Auburn Placer High grad survives Haiti quake, now working to save others

Nurse Ashley Hapak at makeshift clinic in Port-au-Prince after experiencing earthquake
By: Gus Thomson, Auburn Journal Staff Writer
-A +A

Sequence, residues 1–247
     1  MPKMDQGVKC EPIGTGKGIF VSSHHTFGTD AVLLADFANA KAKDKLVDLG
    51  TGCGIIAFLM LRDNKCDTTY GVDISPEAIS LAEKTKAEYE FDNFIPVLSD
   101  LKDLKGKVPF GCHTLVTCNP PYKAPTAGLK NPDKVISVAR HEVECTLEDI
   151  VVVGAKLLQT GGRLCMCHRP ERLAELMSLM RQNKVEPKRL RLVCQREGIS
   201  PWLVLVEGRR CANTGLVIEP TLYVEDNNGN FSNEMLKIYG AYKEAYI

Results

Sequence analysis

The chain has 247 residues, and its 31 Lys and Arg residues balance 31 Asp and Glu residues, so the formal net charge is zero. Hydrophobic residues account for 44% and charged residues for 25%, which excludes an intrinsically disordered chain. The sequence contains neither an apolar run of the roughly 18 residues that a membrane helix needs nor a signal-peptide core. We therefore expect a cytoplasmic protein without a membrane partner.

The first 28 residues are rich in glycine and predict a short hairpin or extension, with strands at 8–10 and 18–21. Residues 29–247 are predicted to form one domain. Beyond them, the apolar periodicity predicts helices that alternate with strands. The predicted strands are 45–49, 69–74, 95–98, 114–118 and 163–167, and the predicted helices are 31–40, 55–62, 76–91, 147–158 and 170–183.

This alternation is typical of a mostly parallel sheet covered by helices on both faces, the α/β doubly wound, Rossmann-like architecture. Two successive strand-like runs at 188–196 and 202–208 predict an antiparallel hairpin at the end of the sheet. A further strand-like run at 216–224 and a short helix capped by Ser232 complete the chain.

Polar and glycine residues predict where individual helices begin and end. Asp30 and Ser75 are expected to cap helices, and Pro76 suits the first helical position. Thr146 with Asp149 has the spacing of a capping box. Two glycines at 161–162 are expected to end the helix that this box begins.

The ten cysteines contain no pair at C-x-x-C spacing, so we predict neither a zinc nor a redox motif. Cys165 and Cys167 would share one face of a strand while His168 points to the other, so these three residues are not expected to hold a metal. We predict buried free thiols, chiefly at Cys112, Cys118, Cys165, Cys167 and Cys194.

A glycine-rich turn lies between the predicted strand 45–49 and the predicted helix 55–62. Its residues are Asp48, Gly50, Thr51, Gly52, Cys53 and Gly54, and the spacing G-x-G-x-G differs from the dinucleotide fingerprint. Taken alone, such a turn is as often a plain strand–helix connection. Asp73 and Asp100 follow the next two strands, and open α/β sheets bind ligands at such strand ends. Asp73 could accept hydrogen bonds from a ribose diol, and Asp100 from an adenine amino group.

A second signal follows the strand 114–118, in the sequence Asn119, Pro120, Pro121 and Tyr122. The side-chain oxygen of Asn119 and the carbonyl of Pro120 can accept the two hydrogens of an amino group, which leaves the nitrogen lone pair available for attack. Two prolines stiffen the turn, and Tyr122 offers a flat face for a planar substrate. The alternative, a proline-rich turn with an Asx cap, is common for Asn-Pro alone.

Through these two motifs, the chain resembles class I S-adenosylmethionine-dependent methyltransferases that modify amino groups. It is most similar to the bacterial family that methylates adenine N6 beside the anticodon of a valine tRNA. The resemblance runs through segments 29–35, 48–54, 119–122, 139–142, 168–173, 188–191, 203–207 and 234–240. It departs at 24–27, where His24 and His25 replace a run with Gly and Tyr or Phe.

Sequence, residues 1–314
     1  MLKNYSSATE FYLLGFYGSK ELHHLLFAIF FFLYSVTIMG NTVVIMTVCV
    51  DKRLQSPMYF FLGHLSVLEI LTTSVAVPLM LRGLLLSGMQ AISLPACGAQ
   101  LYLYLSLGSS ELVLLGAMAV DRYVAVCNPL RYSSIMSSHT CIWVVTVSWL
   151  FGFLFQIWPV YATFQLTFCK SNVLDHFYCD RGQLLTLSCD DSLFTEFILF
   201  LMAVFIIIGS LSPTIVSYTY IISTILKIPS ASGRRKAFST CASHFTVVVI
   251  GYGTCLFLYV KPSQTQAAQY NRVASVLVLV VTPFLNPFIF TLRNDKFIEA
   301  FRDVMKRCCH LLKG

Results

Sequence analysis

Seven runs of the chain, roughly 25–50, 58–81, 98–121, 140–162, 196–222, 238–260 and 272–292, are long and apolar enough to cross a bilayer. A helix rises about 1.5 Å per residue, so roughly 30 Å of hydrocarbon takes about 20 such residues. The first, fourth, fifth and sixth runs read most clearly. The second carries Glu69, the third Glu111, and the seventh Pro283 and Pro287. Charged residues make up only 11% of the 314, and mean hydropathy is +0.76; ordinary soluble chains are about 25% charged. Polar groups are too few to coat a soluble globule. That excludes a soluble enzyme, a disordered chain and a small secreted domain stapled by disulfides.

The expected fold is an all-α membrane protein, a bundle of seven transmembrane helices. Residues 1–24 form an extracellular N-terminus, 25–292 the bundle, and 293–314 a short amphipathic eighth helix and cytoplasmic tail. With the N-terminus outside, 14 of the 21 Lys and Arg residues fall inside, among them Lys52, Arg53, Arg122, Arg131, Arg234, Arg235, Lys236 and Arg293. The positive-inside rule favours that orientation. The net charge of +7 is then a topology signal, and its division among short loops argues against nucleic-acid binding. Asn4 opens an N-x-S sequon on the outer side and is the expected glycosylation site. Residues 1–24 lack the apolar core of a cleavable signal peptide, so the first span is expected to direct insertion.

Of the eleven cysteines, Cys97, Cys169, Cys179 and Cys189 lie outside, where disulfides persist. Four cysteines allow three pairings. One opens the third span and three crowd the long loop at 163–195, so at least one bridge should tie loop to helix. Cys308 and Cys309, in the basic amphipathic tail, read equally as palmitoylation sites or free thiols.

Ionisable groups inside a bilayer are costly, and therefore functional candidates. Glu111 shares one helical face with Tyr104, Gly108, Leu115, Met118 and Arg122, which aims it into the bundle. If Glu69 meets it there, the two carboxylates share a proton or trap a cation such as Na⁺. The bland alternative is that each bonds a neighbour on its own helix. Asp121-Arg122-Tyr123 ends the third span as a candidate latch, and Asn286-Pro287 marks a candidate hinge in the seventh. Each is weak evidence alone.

Auburn’s Ashley Hapak left California for Haiti Dec. 29 not knowing what to expect during the next three months of volunteer work with a Port-au-Prince orphanage. In fact, her mother, Sharon Hapak recalled Friday that the registered nurse and Placer High grad was a little unsure about what she was doing traveling to the economically depressed island to help with Child Hope International’s efforts rescuing abandoned children. “She told me when she left, ‘I don’t know what my real purpose is for going but I know I’m needed down there,’” Sharon Hapak said. Two weeks after her departure, Ashley was at the Child Hope International orphanage when Tuesday’s devastating earthquake struck. The orphanage building survived. Ashley and all but one of the children were uninjured. But with destruction and suffering all around it, the building was soon being used as an emergency clinic, with beds stripped of sheets to be used as makeshift bandages. Back in Auburn on Friday, Sharon Hapak – herself a nurse with Kaiser Permanente in Roseville – and other family members were still awaiting their first conversation with Ashley. Her father, Stan, works for Placer County Health & Human Services, and she also has two brothers. Communication has come second-hand via an offsite phone connection to a Los Angeles-based blog. Ten hours after the first news of the earthquake, the Hapaks learned that their daughter was safe but immersed in her work at the clinic. A graduate of the University of Washington, Ashley had taken a leave of absence from her job with the UCLA pediatric intensive care unit to go to Haiti. She had previously done similar volunteer work in India, Guatemala and Mexico but had never traveled to work in an area she felt was as dangerous as in Haiti. “We were really afraid (before she left),” Sharon said. “We tried to discourage her because the area is unsettled and unsafe. Stan even warned her about hurricanes. But we didn’t warn her about earthquakes.” Sharon said she’s now attempting to find a way to travel to Haiti to be with her daughter. Sharon has also volunteered to do similar work, most notably in the late 1990s to Nicaragua with Auburn’s Ministry of Mercy. One of those visits was the subject of award-winning photo coverage by then-Journal photographer Carl Costas. “Who could have dreamed of this,” Sharon said. Involved with varsity girls soccer and Young Life in her teens in Auburn, Ashley’s story has brought the Haiti earthquake home to residents like Denise Cardona, co-owner of Downtown Auburn’s Kids Closet. Ashley graduated in 2002 from Placer. Cardona’s son, Brandon, 26, is married to Ashley’s former roommate, Alex Forsythe. Ashley was maid of honor at their wedding. Now Cardona is leading a fund-raising drive to help the orphanage. A benefit featuring music by Colossal Dome, with Placer High’s Jordan Roper and Casey Cardona, has been set up for 5 p.m. to 7 p.m. Sunday, Jan. 24 at Tsuda’s in Old Town Auburn. On Feb. 6, the Auburn Masonic Hall at 956½ Lincoln Way will play host to a family spaghetti feed fundraiser for the orphanage. And the Kids Closet, 948 B Lincoln Way is asking for donations of clean cloth diapers, diaper pins and diaper covers to send to the orphanage. “They were in desperate need before this happened,” Cardona said. “Hearing about the earthquake on the news immediately made us think of how we could help. Plus, Ashley’s a local gal who grew up in Auburn.” ---------------------------------- Help Ashley help Haiti: -Diaper drop: Donations may be made at Kids Closet. It’s open 10:30 a.m. to 6 p.m. Monday to Friday and 11 a.m. to 5 p.m. Saturday. -Spaghetti feed: 3 p.m. to 7 p.m. Feb. 6. Suggested donation is $7 for adults, $5 for children and $20 for a family of four. Spaghetti, salad and garlic bread. Advance ticket locations include Community First Bank, Tango frozen yogurt and Kids Closet. Tickets also at the door. -Haiti benefit: 5 p.m. to 7 p.m. Jan. 24 at Tsuda's. Suggested donation is $5. Root beer float proceeds to also help the orphanage. --------------------- Haiti quake relief: More how to help American Red Cross People can make an unrestricted donation to the International Response Fund at or by calling 1-800-REDCROSS (1-800-733-2767). The public can also help by texting “Haiti” to 90999 to send a $10 donation to the Red Cross. Salvation Army The Salvation Army is accepting monetary donations to assist in the effort via its Web site, by phone at 1-800-SAL-ARMY or by postal mail at: The Salvation Army World Service Office, International Disaster Relief Fund, P.O. Box 630728, Baltimore, MD 21263-0728. Designate donations “Haiti Earthquake.”